The end result of this small example project will be a C# COM Server class, which can be used in VBA with full intellisense support. For this project, I have been using Visual Studio 2010 Express with Framework 4.0.
Download and unzip Excel-DNA Version 0.30 zip file to be ready when needed. There is also a step-by-step word documentation file available within the distribution folder. In this project, we are going to follow these instructions.
STEP ONE: C# program
Create a new class project and name it to be XLServer. Also, change the class name to be XLServer. CopyPaste the following code into your XLServer.cs and save the project. At this point, do not mind about all those error messages. As we add reference to ExcelDnaIntegration.dll file, those errors will disappear.
By adding class ExcelAddin (implements IExcelAddin interface), we are enabling the registration and unregistration of our dll file to be done programmatically, without the use of regsvr32.exe from command prompt.
Note also, that ClassInterfaceType attribute for our public COMLibrary class has been set to be AutoDual. This means, that a dual class interface is generated for this class and also exposed to COM. Class type information is produced for the class interface and published in type library file. As a part of this posting, we will create this type library file.
STEP TWO: Excel-DNA
Add reference to Excel-DNA library (Project - Add reference - Browse - \\ExcelDna.Integration.dll) and click OK. This dll file is inside the distribution folder what we just downloaded from Excel-DNA website. From the properties of this reference, set Copy Local to be True.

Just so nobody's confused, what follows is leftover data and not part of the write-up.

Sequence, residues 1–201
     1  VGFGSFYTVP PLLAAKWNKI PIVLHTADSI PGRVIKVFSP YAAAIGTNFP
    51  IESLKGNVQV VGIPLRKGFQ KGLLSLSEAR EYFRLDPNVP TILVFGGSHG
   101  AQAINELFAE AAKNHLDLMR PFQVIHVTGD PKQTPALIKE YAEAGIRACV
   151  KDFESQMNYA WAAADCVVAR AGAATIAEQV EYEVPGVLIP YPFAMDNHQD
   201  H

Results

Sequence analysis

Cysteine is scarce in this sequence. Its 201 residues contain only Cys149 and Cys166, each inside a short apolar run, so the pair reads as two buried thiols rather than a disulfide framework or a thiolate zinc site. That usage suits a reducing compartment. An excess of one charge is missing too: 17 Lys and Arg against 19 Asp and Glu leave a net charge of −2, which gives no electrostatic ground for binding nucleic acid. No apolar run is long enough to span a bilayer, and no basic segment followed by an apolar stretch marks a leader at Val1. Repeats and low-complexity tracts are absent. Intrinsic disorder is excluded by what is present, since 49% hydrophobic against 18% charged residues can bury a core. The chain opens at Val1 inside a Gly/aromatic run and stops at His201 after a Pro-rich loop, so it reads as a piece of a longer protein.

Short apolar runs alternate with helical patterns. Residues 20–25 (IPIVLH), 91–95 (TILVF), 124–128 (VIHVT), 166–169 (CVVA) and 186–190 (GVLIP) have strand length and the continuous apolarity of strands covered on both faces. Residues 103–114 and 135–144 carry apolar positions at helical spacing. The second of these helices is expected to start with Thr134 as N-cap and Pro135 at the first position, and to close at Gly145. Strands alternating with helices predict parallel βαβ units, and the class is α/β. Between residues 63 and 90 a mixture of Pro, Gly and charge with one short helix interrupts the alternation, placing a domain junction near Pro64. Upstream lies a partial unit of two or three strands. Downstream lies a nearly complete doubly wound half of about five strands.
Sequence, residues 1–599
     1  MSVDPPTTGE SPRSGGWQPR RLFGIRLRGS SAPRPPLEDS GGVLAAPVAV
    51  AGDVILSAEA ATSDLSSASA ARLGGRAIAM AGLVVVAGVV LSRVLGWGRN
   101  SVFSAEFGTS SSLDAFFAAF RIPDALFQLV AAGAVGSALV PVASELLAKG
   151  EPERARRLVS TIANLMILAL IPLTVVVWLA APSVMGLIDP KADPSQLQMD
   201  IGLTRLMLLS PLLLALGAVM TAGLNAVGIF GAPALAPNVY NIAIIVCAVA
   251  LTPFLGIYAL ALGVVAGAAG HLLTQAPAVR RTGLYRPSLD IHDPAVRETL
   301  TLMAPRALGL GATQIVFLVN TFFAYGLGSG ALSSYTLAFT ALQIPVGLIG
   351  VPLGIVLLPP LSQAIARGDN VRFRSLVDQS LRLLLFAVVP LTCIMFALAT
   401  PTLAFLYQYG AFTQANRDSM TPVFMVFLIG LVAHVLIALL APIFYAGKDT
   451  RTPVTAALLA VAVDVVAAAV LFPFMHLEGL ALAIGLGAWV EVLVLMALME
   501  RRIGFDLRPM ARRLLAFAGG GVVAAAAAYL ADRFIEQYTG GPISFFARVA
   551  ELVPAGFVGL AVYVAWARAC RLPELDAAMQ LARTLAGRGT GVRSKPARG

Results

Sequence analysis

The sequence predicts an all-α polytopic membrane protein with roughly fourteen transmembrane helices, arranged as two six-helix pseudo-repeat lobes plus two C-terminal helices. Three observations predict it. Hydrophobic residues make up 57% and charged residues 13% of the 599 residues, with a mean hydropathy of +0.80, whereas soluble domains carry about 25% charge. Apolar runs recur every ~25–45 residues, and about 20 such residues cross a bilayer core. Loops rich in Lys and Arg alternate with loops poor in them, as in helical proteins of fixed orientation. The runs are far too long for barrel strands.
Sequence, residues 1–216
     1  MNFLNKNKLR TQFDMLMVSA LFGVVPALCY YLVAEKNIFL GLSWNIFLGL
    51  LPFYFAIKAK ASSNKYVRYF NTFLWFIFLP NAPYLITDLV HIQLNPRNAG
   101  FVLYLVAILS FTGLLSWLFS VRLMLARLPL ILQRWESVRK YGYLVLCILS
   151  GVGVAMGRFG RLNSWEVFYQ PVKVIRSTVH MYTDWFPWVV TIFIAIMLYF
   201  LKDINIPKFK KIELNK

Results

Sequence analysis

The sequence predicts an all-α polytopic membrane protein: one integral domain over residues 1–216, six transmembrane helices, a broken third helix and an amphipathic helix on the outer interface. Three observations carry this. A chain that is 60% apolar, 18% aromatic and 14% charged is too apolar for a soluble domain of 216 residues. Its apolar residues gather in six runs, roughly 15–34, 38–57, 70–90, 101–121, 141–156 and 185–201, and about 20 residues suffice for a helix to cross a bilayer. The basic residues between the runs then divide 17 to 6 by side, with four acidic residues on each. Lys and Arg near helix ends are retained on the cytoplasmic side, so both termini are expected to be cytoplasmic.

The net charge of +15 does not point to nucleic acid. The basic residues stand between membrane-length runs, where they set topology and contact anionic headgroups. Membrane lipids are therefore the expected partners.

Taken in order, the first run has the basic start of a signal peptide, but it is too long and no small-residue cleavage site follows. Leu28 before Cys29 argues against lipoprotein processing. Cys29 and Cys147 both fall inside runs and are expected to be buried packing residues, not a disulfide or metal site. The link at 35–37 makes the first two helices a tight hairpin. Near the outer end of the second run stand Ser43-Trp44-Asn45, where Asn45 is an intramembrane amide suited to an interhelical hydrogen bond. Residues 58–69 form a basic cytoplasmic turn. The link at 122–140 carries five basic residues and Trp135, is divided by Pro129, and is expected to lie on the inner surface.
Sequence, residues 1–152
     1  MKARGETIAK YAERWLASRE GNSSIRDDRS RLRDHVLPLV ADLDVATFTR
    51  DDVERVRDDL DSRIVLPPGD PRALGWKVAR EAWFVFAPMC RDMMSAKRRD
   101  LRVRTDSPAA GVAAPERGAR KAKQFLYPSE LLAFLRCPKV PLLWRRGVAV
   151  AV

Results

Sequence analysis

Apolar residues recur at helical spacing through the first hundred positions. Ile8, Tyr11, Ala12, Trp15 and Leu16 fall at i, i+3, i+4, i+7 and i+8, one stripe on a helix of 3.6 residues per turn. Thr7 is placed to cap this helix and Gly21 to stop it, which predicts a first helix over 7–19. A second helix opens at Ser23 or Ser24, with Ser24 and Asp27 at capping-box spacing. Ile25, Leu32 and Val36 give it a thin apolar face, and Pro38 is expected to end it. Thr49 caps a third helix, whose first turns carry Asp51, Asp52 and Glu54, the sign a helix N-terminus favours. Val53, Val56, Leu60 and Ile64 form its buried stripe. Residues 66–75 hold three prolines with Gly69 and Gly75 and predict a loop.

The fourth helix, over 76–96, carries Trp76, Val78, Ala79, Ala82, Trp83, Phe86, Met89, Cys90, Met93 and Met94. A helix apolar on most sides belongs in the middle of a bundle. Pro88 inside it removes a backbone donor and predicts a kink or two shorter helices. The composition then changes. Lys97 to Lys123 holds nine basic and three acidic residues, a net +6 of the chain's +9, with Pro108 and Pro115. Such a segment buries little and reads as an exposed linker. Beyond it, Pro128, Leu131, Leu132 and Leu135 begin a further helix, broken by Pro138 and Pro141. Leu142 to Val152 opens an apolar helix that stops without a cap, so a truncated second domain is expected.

Add new file as text file to project (Project - Add new item - Text file) and name it to be XLServer.dna. CopyPaste the following xml code into this file.
From the properties of this dna file, set Copy to Output Directory to be Copy if newer.
Next, from the downloaded Excel-DNA folder (Distribution), copy ExcelDna.xll file into your project folder (\\Projects\XLServer\XLServer) and rename it to be XLServer.xll. Then, add this xll file into your current project (Project - Add existing item). At this point, it might be that you do not see anything else, except cs files on this window. From drop down box on the bottom right corner of this window, select All files and you should see XLServer.xll file what we just pasted into this XLServer folder. Select this file and press Add. Finally, from the properties of this xll file, set Copy to Output Directory to be Copy if newer.
Build the solution. Everything should have gone well, without any errors or warnings. At this point, my \\XLServer\bin\Release folder looks like the following.
At this point, we are practically done with C#.
You may also notice, that ExcelDna.Integration.dll file has been copied into our release folder. This has not been an accident. To enable intellisense to be used, we need to create type library file (tlb) for our COM Server class by using Type library exporter in Visual Studio Command Prompt. Type library exporter (tlbexp.exe) needs to have that dll file in order to find all program parts it needs when creating type library file.
STEP THREE: Creating Type Library
Next, we have to open our VS command prompt (Start - All Programs - Microsoft Visual Studio 2010 Express - Visual Studio Command Prompt 2010). Before opening, move your cursor over the name (Visual Studio Command Prompt 2010) and by right-clicking, select and open properties window. On properties, replace the existing string in Start in text box with the complete address of our current project release folder (\\VS2010\Projects\XLServer\XLServer\bin\Release).
Press Apply and OK. By setting this start path string, we are effectively opening VS command prompt directly in our project release folder. Next, open VS command prompt and write the command "tlbexp XLServer.dll" in order to create type library into project release folder.
Press enter and the following information will confirm that type library file (XLServer.tlb) has been created into current project release folder.
At this point, we can close our Visual Studio command prompt. Let us take a look at our release folder. My folder has the following files.